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Mondowney v. Baltimore County Detention Center

United States District Court, D. Maryland

September 11, 2018

DERRICK ARNELL MONDOWNEY, Plaintiff
v.
BALTIMORE COUNTY DETENTION CENTER, et al. Defendants DERRICK ARNELL MONDOWNEY, Plaintiff
v.
BALTIMORE COUNTY DETENTION CENTER, et al. Defendants

          MEMORANDUM OPINION

          Ellen L. Hollander United States District Judge

         Derrick Arnell Mondowney is the self-represented plaintiff in two related prisoner civil rights cases. Mondowney is an inmate currently confined at the Jessup Correctional Institution (“JCI”). But, he was previously held at the Baltimore County Detention Center (“BCDC”). He filed his suits pursuant to 42 U.S.C. § 1983, alleging that he was denied constitutionally adequate medical care while detained at BCDC.

         In Case ELH-16-3932 (“Case I”), filed on December 8, 2016, plaintiff sued BCDC. Id., ECF 1.[1] In supplemental complaints (ECF 4, ECF 5, ECF 6), [2] with exhibits, plaintiff added several defendants: Deborah Richardson, Dr. Barnes, S. Verch, Bonita Cosgrove, Sgt. Leake, and Sgt. Church. The case was closed because plaintiff moved and failed to provide the court with a new address. ECF 9. However, plaintiff's motion for reconsideration (ECF 13) was granted and the case was reopened. ECF 14. The motion for leave to proceed in forma pauperis, docketed in Case I at ECF 19, shall be granted.

         On June 5, 2017, plaintiff filed Mondowney v. BCDC, et al., Civil Action No. ELH-17-1538 (“Case II”), with numerous exhibits.[3] In substance, it is essentially a duplicate of Case I, with additional defendants. See Case I, ECF 20. Apparently, plaintiff had been transferred from BCDC to JCI and, due to the dismissal of Case I, he filed Case II.

         In Case II, defendants Correct Care Solutions, LLC (“CCS”) and Zowie Barnes, M.D. (the “Medical Defendants”) have moved to dismiss or, in the alternative, for summary judgment. Their motion is supported by a memorandum (ECF 24-1) (collectively, “Medical Defendants' Motion”) and exhibits. Defendants BCDC, Bonita Cosgrove, Stephen Verch, Sergeant Ronald Church, and Sergeant Martin Leake (the “County Defendants”) have filed a similar motion (ECF 27), supported by a memorandum (ECF 27-1) (collectively, “County Defendants' Motion”) and exhibits. Plaintiff opposes the motions, and has submitted exhibits. Id., ECF 29; ECF 30; ECF 31.[4] The Medical Defendants have replied. Id., ECF 32.

         The motions were docketed only in Case II. Given that the cases are related they shall be consolidated for purposes of the disposition of the motions.[5]

         No hearing is needed to resolve these matters. See Local Rule 105.6 (D. Md. 2016). For the reasons that follow, the Medical Defendants' Motion, construed as a motion to dismiss, shall be denied. The County Defendants' Motion, construed as a motion to dismiss, shall be granted as to Baltimore County Detention Center, Bonita Cosgrove, and Stephen Verch, and denied as to Sergeant Ronald Church and Sergeant Martin Leake.

         I. Factual Background

         A. Plaintiff's factual assertions

         Plaintiff alleges that on August 30, 2016, he suffered a stroke and was sent to the University of Maryland St. Joseph Medical Center, where he remained until September 2, 2016. Case II, ECF 1-1 at 4.[6] His discharge instructions included orders for medication as well as physical and occupational therapy. Id. On October 12, 2016, he underwent assessment at the University of Maryland Medical Center Rehabilitation Department, so that a course of treatment could be developed. Id. Plaintiff states that as a result of this assessment, several medical appointments were scheduled for him between October 28, 2016 and November 30, 2016. Id. at 5.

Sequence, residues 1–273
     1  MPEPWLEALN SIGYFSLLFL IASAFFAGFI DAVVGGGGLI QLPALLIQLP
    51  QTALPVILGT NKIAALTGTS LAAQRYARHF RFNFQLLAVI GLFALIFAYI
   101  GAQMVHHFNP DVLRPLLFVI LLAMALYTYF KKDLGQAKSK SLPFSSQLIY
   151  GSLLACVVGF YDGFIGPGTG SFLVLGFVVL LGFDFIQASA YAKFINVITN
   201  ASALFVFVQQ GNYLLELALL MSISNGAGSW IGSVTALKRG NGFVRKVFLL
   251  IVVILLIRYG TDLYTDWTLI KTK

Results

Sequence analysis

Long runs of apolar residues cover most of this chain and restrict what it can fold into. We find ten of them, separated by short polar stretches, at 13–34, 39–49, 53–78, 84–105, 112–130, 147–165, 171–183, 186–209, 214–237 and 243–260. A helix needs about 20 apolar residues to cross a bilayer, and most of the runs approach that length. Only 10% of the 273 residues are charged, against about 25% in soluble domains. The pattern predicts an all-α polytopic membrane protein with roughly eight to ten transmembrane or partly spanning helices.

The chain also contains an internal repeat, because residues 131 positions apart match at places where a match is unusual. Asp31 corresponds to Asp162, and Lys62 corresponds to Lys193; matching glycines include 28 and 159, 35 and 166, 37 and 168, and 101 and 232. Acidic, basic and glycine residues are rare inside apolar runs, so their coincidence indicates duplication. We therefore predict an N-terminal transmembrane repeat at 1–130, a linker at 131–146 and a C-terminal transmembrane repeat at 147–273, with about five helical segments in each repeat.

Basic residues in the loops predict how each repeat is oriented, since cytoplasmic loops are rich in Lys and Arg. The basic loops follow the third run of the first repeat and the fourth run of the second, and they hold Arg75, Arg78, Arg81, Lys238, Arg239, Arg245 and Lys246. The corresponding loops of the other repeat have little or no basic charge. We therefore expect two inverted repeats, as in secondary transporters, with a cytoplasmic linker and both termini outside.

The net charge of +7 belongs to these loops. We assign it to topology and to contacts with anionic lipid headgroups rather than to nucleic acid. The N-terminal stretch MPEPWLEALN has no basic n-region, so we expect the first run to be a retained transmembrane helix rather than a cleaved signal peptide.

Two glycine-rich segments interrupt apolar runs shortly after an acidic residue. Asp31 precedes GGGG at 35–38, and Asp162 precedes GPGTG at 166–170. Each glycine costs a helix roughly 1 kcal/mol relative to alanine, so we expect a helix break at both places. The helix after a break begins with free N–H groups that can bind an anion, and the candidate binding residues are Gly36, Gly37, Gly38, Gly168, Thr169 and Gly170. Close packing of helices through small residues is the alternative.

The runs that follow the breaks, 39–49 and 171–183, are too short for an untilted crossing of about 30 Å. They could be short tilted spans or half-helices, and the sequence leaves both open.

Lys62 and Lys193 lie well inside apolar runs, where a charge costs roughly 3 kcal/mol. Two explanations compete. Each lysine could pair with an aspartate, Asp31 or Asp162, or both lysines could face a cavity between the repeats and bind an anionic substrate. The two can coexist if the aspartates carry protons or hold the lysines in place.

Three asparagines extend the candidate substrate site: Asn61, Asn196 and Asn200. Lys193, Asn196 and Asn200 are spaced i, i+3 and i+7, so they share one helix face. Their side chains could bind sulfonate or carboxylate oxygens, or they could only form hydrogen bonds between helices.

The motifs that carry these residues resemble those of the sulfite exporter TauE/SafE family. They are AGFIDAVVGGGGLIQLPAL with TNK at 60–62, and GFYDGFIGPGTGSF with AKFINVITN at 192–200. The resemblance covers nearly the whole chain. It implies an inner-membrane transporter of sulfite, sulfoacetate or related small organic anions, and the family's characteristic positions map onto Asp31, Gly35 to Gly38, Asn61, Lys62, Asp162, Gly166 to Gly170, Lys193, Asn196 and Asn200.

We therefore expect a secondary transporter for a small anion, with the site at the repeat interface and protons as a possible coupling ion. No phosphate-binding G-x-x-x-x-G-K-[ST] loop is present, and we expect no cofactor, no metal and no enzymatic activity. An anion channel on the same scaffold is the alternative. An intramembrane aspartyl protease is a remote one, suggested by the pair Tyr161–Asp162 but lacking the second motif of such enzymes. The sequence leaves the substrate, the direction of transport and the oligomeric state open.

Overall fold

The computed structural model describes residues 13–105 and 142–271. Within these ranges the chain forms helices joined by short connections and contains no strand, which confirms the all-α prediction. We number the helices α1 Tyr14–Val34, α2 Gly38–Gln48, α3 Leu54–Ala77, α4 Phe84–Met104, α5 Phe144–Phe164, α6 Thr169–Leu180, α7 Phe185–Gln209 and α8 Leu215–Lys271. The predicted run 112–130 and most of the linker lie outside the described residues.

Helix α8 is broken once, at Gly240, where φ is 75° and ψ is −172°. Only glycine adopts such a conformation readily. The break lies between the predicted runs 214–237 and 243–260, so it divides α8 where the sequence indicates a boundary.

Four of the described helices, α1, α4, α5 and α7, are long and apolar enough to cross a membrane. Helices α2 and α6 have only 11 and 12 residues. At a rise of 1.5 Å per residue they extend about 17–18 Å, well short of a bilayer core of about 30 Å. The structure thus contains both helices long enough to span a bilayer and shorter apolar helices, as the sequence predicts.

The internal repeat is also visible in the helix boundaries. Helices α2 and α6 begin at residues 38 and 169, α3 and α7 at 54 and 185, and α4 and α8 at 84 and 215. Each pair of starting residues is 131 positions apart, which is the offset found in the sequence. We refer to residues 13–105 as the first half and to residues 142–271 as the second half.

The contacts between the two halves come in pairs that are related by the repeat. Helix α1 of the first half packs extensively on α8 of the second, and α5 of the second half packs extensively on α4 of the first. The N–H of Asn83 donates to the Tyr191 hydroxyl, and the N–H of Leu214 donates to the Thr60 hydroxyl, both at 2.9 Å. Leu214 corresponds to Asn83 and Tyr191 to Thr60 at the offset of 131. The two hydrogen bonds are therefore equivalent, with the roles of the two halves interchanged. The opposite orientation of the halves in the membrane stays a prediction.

According to plaintiff, on numerous occasions the correctional escort staff caused him to be late for his medical appointments. As a result, he missed ten appointments essential to his health. Id. at 9.

         For example, plaintiff asserts that he arrived over an hour late for his first therapy session, scheduled on October 28, 2016, and therefore he was declined treatment. ECF 1-1 at 5. He was scheduled for a morning appointment on November 2, 2016, but because he arrived late it was rescheduled to the afternoon. Id. The afternoon appointment was cancelled because he was again late. Id. Sgt. Leake, who is in charge of the processing area at BCDC, on learning that the appointment was cancelled, advised plaintiff that “‘if [he] wanted compassion or adequate medical care, [he] should have stayed home . . . It does not affect my pay check.'” Id. at 7. Plaintiff adds that he also missed appointments scheduled for November 4, 9, 11, 18, 23, 25, and 30, 2016. Case II, ECF 1-1 at 7.

         Plaintiff is confined to a wheelchair. Therefore, he expresses concern that the lack of appropriate rehabilitation will consign him to remain wheelchair bound, without “a decent quality of life . . . .” Id. at 6; see also Id. at 8.

         On November 11, 2016, plaintiff sent a request to medical staff regarding the difficulty in his being processed and transported to his physical therapy appointments. Id. at 7. Sgt. Church, who was in charge of processing inmates for transport, was contacted “with no success.” Id.

         Plaintiff was transported to the University of Maryland Medical Center Rehabilitation Department on November 16, 2016, but again arrived late and was declined treatment. Id. The physical therapist provided plaintiff a request to give to Dr. Barnes and Bonita Cosgrove so that plaintiff could have access to his tennis shoes in order that plaintiff could practice the exercises he would have performed during physical therapy. Id. at 7-8. Plaintiff explains that the tennis shoes were necessary to provide “sure footing and support” while performing his exercises, rather than conducting the exercises in the shower shoes provided by the institution. Id. at 8. Plaintiff indicates that the request was not acknowledged and access to his tennis shoes was denied. Id.